Beijing changing yuan-fixing formula to curb currency slides
Step back from market-driven rate undoes recent reforms
ISSAKU HARADA, Nikkei staff writer
BEIJING -- China's central bank is planning a new method for fixing the yuan's daily exchange rate against the U.S. dollar that aims to fend off rapid depreciation -- though at the expense of recent efforts to liberalize the country's financial markets.
The People's Bank of China sets a reference rate for the yuan each morning that acts as a midpoint for market trading. The yuan is allowed to move 2% above or below this level each day against the dollar.
Currently, this rate is set based on the previous day's market close. But the central bank will soon adopt a method that will ensure fairly modest changes to the reference rate each day, even when the yuan's market exchange rate shifted significantly the day before. Precisely how the rate will be calculated has not been revealed. Market players such as banks have been notified of the change.
The PBOC suddenly began factoring the market's close into its reference rate calculation in August 2015, letting the yuan, which had been kept artificially strong, move closer in line with market sentiment. The new system had a fairly rocky start: Sharp declines in the yuan's value over the first few days led some to accuse China of intentionally devaluing its currency.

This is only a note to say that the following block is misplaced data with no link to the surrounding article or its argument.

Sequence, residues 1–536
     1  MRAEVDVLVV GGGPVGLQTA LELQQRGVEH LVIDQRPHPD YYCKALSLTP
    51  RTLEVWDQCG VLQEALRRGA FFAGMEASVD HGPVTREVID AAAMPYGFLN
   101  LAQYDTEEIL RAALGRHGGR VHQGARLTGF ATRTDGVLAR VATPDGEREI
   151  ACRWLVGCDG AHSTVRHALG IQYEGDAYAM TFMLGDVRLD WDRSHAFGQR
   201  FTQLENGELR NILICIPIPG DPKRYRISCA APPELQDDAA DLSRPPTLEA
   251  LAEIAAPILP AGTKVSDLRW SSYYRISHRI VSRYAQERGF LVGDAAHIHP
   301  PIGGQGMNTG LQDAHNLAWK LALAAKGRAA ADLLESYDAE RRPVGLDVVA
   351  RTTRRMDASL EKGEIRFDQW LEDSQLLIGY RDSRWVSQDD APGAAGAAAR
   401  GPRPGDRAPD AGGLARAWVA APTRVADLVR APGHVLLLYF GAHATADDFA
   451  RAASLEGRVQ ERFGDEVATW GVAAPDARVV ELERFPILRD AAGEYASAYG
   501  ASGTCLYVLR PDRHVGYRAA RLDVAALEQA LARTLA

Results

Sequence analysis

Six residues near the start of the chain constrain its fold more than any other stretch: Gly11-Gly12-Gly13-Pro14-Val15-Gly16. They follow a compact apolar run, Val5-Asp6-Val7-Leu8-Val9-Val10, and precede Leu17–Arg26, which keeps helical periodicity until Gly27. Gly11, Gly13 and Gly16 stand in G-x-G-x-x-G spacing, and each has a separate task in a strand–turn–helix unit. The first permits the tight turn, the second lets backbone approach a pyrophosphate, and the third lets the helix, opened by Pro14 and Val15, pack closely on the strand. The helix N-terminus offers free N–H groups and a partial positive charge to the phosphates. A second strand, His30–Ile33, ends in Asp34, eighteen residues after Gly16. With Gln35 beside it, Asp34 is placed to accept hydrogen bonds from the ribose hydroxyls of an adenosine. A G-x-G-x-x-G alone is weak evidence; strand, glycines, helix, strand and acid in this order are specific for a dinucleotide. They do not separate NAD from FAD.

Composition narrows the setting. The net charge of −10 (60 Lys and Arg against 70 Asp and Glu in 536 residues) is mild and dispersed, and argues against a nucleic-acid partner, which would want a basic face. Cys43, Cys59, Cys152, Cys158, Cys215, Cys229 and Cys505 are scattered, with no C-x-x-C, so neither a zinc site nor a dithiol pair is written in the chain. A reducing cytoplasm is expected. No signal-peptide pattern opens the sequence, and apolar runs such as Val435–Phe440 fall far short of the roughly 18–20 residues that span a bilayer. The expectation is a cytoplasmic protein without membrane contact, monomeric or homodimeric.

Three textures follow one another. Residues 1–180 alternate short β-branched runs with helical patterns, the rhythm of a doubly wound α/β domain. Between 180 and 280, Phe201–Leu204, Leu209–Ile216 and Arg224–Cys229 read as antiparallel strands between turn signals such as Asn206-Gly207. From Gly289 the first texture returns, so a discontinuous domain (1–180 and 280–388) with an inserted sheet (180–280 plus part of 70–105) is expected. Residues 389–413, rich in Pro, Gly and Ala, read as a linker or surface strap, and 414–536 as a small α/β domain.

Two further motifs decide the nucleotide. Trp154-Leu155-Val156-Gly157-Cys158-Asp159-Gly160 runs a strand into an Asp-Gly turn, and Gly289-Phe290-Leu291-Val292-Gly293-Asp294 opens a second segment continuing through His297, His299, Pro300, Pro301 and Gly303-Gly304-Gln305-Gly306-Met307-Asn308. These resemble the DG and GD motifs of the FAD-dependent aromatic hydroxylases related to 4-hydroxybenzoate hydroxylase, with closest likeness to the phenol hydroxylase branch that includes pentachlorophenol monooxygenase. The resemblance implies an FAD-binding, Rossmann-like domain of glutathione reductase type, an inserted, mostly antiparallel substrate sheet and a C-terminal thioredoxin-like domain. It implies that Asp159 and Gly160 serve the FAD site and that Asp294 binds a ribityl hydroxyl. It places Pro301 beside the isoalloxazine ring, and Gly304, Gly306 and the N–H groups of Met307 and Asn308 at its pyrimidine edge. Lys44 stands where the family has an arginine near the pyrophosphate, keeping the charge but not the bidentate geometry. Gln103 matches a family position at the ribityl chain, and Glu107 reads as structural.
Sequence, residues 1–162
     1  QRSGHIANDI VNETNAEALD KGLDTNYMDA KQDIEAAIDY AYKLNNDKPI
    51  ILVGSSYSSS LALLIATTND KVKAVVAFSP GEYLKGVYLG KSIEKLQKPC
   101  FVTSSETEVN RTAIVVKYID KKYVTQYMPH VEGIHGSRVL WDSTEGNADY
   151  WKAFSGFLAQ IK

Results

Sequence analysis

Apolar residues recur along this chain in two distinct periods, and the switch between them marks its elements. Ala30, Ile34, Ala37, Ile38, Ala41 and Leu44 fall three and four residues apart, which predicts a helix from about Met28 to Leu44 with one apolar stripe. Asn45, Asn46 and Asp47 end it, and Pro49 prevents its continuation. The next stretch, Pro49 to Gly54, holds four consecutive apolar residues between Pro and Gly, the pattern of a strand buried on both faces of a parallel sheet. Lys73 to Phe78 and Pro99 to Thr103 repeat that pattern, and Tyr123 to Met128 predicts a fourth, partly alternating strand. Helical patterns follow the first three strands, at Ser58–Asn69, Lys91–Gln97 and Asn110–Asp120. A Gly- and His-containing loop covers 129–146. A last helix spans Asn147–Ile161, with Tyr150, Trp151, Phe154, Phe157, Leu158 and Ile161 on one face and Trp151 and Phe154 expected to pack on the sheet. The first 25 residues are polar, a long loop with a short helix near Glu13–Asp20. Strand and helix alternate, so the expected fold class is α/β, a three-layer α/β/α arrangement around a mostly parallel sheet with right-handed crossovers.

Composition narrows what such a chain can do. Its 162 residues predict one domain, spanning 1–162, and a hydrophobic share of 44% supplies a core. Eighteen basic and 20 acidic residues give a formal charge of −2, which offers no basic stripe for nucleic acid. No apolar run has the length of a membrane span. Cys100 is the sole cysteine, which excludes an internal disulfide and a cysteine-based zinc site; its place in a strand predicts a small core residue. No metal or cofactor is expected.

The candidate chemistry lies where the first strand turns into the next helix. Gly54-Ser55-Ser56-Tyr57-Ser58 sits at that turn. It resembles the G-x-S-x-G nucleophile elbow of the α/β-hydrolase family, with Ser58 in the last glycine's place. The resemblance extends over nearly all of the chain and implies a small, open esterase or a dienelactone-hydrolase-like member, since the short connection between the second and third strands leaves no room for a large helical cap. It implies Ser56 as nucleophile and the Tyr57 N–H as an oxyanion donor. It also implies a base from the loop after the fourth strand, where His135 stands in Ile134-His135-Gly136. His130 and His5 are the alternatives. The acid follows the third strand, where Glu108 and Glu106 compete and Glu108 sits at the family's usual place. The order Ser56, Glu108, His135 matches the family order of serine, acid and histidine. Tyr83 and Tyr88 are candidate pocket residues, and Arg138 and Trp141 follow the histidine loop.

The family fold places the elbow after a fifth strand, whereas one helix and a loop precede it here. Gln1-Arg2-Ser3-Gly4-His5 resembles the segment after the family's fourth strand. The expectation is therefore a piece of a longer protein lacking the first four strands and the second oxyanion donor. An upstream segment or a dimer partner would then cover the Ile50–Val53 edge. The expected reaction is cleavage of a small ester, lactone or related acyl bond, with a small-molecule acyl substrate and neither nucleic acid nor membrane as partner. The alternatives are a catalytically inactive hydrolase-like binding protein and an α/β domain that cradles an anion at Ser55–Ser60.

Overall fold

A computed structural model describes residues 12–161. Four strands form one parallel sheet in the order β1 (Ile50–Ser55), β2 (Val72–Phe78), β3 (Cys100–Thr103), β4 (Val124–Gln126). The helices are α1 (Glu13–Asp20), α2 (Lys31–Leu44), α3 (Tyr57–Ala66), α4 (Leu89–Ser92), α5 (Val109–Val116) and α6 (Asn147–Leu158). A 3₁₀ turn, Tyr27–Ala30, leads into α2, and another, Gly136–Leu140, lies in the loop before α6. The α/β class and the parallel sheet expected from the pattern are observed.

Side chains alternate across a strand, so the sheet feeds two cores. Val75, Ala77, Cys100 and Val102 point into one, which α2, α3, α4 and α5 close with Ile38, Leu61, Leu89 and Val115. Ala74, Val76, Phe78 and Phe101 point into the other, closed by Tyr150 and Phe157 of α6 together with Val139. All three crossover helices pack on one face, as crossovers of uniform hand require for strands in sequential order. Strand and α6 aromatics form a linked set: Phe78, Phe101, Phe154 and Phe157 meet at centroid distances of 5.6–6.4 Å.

This time, the bank will be walking back from a market-driven rate, aiming to keep the yuan relatively stable against the dollar as expectations that the U.S. Federal Reserve will hike interest rates in June gain ground. This has stirred concerns that the Chinese authorities could begin to simply adjust the reference rate to their liking. Beijing's attempt to turn the yuan into a truly international currency, in part by liberalizing its currency market, seems to be losing speed.